EDUCATION FACTORS: POLICY IMPLICATIONS

Farrington and Welsh (2007) emphasized that one of the most important individual factors predicting offending is low academic attainment, and our findings confirm that academic achievement is a differential predictor of violence. Given that low grades are so consistently found among violent youth and that school predictors of violence have been found to be strong mediators of other risk factors (e.g., Herrenkohl et al., 2001), intervention in the schools in childhood and adolescence has enormous potential for violence prevention.

Our review confirms that low school bonds are associated with both violent and nonviolent offending (with too little evidence comparing offenders to draw a reliable conclusion on this point) and school problems, academic attainment, and parent education are likely to be differential predictors of violence as well.

Of course, there are a huge number of programs and interventions designed to improve academic achievement, and many of them have been successful (e.g., Lipsey & Wilson, 1993). Nonetheless, there are still children and adolescents failing at school, and the media regularly report stories about the poor reading ability and math scores among American children. This suggests a much broader problem with the institution of education in the United States. School failure, though, happens to be concentrated in certain school districts where, not coincidentally, violent crime and other risk factors for violence are also concentrated. Thus, we know where to implement the programs.

School-based programs designed to prevent violence usually employ classroom-based curricula about drug use or violence, teaching social skills, using role playing, and interactive exercises. Some of these programs have been effective in reducing violence and related behavior in the schools (e.g., Howard, Flora, & Griffin, 1999). Examples of programs with “demonstrated effectiveness” are the Good Behavior Game, the Seattle Social Development Project, the Child Development Program, and Fast Track (Loeber & Farrington, 2000). A few educational programs have been evaluated for their effects on delinquency in older children and adolescents. Gottfredson, Wilson, and Najaka (2002) conducted a systematic review of an enormous number of school-based programs designed to prevent an array of problems such as drug use and bullying. Some of the programs, such as PACT (Promoting Achievement through Cooperative Learning) and Fast Track, have had moderate effect sizes on antisocial behavior and aggression. Gottfredson (2001), in her book Schools and Delinquency, points out that, on the whole, school-based prevention programs do not work as well as we might expect them to, given the enormous advantage they have in delivering services. We might speculate, given our own findings, that the problem might be due to the fact that these programs are not addressing the most salient correlates of violence which are academics, perhaps school bonds, and academic attainment (for young people and their parents). Many programs evaluated for their ability to prevent delinquency in school settings (like those described above), have multiple and myriad goals, and their approaches, such as focusing on classroom management, are likely to address other problems more directly (such as “perceptions of school safety” etc.). Incongruously, “school-based crime prevention programs” rarely focus on school grades or retention, which evidence suggests are consistent correlates of violence. We would return to the refrain by Loeber and Farrington and Stouthamer-Loeber and others that developmental prevention is likely to work best when it focuses on established risk factors.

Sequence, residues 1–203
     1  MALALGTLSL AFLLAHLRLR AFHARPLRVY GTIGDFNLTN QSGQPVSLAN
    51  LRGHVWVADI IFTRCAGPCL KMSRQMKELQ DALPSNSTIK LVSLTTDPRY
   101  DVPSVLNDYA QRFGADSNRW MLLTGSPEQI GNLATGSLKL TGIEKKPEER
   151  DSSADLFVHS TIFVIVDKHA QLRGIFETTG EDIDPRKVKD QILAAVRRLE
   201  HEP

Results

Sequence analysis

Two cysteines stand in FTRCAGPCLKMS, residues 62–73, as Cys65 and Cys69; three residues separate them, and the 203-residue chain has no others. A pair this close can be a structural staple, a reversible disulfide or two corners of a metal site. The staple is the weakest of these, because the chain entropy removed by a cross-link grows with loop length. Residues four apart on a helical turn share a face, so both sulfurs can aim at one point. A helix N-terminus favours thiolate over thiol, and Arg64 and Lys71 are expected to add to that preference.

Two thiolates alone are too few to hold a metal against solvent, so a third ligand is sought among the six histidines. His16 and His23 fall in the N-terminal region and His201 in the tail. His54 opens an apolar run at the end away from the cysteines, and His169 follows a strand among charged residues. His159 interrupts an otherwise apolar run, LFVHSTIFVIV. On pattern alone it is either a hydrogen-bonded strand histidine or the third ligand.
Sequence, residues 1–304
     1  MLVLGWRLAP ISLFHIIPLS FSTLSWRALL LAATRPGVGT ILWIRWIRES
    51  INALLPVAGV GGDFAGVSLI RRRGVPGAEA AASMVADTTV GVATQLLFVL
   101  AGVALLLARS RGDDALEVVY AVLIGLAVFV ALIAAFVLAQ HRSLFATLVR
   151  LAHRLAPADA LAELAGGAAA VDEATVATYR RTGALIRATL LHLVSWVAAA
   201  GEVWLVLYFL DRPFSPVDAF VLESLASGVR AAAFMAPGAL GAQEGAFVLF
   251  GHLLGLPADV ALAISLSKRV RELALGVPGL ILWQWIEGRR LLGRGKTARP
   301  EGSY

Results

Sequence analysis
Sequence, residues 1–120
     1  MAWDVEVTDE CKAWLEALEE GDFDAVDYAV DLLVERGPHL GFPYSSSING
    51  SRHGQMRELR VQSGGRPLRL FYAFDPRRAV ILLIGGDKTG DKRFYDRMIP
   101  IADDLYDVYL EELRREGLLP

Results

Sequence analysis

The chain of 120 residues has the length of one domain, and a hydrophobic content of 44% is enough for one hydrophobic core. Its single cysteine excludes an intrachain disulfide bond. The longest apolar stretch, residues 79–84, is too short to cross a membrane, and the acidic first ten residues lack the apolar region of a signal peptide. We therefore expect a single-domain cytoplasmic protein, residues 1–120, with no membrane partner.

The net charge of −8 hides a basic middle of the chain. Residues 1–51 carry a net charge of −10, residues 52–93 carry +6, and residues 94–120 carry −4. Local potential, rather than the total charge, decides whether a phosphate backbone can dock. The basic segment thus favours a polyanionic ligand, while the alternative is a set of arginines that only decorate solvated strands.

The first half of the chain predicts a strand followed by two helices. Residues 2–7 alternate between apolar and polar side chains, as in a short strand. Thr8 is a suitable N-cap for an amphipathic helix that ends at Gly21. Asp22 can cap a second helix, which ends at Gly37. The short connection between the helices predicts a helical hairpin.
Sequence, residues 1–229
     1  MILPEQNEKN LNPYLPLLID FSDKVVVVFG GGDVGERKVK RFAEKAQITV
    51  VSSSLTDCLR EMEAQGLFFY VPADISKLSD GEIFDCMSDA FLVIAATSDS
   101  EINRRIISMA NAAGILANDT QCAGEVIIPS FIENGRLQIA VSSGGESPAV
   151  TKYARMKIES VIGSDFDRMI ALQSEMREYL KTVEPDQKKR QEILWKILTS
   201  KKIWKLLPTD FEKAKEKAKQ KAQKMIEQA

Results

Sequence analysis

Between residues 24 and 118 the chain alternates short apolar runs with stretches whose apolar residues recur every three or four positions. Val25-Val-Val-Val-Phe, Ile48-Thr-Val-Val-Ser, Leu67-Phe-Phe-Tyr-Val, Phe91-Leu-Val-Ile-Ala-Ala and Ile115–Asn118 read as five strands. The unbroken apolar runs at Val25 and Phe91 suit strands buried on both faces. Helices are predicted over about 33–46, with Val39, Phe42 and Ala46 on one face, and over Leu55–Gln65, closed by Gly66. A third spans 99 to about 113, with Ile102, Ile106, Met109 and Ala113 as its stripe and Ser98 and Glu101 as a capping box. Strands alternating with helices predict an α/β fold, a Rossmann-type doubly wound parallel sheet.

Unfortunately, the many programs that focus on academic achievement are usually implemented for reasons apart from behavioral problems and are not evaluated for their influence on violent behavior. A few programs have been evaluated with positive results on other indicators of antisociality. Bloomquist and Schnell (2005) provided an overview of the enormous volume of research on academic and skill building interventions and their ability to help children with aggression and conduct problems. They organize the literature into three types: self-management training, instructional strategies, and home-school academic interventions. They conclude that many of these have benefits (and they list “best practices” for each). Other reviewers have concluded that findings are mixed. Wasserman and Miller (1998) point out that most programs using the academic approach have been offered to children who may be too old to benefit, having already begun to manifest significant academic and behavioral problems. Brunner (1993) makes strong recommendations about using literacy programs to reduce the chances of recidivism among antisocial adolescents, and although we do not find that the literature points to one academic area more than another in terms of its effects, poor reading ability is associated with violence, so literacy is a good place to start.